Report Title

The Effects of Mindful Eating Education on Increasing Satiety Signals

Collective Title

Master of Science in Nutrition and Dietetics Research Reports 2019


Background: Mindful eating is a practice that incorporates focusing on thoughts, emotions and sensations within the body when consuming food. Satiety is defined as a state of fullness where there is no longer an intake of food. Mindful eating techniques could help college students identify their hunger and satiety signals and respond to those cues over environmental or psychosocial cues that could lead to over-eating. Giving mindful eating education has the possibility to help people recognize their satiety signals and stop eating sooner.

Objective: To examine the effects of mindful eating education on increasing satiety signals.

Design: Randomized cross-over study

Participants: The study consisted of 25 participants (Ages 18-30, 19 females, 6 males).

Main outcomes: Satiety and meal completion time pre- (Visit 1) and post- (Visit 2) mindful eating education and increased awareness of satiety signals.

Secondary outcomes: Frequencies of pre-mindful eating education responses within sample populations, follow-up survey responses within sample populations, and characteristics within sample populations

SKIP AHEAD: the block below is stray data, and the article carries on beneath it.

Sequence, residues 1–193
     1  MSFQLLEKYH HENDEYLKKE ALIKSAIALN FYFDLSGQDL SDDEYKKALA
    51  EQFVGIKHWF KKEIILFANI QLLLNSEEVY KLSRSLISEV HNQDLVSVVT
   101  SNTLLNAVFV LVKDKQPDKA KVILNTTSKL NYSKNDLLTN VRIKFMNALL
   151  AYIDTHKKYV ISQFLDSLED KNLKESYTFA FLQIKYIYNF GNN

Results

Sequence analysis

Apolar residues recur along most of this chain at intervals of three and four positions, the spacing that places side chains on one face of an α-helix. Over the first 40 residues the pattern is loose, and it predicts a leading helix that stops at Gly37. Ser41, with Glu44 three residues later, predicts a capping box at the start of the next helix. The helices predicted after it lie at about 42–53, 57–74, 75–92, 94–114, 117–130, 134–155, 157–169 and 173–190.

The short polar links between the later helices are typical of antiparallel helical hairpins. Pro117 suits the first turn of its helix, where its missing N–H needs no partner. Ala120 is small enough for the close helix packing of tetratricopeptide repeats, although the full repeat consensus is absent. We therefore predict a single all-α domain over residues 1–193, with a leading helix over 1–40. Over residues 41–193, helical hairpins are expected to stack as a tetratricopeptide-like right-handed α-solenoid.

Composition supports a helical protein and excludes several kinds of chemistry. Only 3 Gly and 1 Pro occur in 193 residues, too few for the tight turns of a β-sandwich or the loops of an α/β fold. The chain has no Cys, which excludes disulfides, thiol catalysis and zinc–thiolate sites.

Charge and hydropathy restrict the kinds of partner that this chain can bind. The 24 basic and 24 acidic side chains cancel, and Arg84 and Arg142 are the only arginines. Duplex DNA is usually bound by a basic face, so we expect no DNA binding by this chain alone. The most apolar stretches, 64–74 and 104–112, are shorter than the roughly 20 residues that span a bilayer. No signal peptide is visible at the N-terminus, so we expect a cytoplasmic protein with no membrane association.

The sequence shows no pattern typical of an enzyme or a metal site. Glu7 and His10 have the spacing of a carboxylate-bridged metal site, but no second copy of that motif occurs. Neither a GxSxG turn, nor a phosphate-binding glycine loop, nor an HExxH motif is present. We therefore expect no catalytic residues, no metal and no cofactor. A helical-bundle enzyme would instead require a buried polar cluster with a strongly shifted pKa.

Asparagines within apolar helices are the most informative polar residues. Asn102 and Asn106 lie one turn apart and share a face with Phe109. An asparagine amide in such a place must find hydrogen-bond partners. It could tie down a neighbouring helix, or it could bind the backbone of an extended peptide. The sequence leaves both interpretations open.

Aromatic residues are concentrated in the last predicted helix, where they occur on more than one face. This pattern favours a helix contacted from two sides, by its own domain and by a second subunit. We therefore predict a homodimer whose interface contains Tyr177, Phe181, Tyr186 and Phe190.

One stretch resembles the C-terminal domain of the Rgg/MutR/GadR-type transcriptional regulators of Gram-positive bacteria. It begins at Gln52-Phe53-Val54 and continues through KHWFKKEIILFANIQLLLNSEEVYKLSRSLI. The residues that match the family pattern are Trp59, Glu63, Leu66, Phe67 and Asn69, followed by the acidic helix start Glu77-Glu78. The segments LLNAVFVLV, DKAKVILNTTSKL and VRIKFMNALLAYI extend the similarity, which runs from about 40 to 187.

Statistics: Normality of quantitative variables was assessed using Shapiro-Wilk test and box plots, pre- and post-variables in both groups was compared using Wilcoxon signed – rank test. The association between the categorical variables were examined by the chi-square test and Fisher Exact test.

Results: No significant difference was found comparing satiety time during visit 1 and visit 2 (P-value = 0.459). Similarly, no significant difference was found when comparing the meal completion time during visit 1 and visit 2 (P-value = 0.737). However, there was a significant difference when satiety time was deducted from meal completion time and compared between visit 1 and visit 2 (P-value = 0.008).

Conclusion: Mindful eating can potentially be used as an intervention to increase recognition of satiety signals. Further research within this topic is warranted with a larger sample size and duration to observe other possible significant outcomes, and to better standardize the mindful eating education given.

LLU Discipline

Nutrition and Dietetics


Nutrition and Dietetics


School of Allied Health Professions

First Advisor

Gurinder Bains

Second Advisor

Lida Gharibvand

Third Advisor

Georgia Hodgkin

Degree Name

Master of Science (MS)

Degree Level


Year Degree Awarded


Date (Title Page)




Library of Congress/MESH Subject Headings

Mindfulness; Food habits;


Research Report

Page Count

20 p.

Digital Format


Digital Publisher

Loma Linda University Libraries

Usage Rights

This title appears here courtesy of the author, who has granted Loma Linda University a limited, non-exclusive right to make this publication available to the public. The author retains all other copyrights.


Loma Linda University Research Reports

Collection Website


Loma Linda University. University Libraries.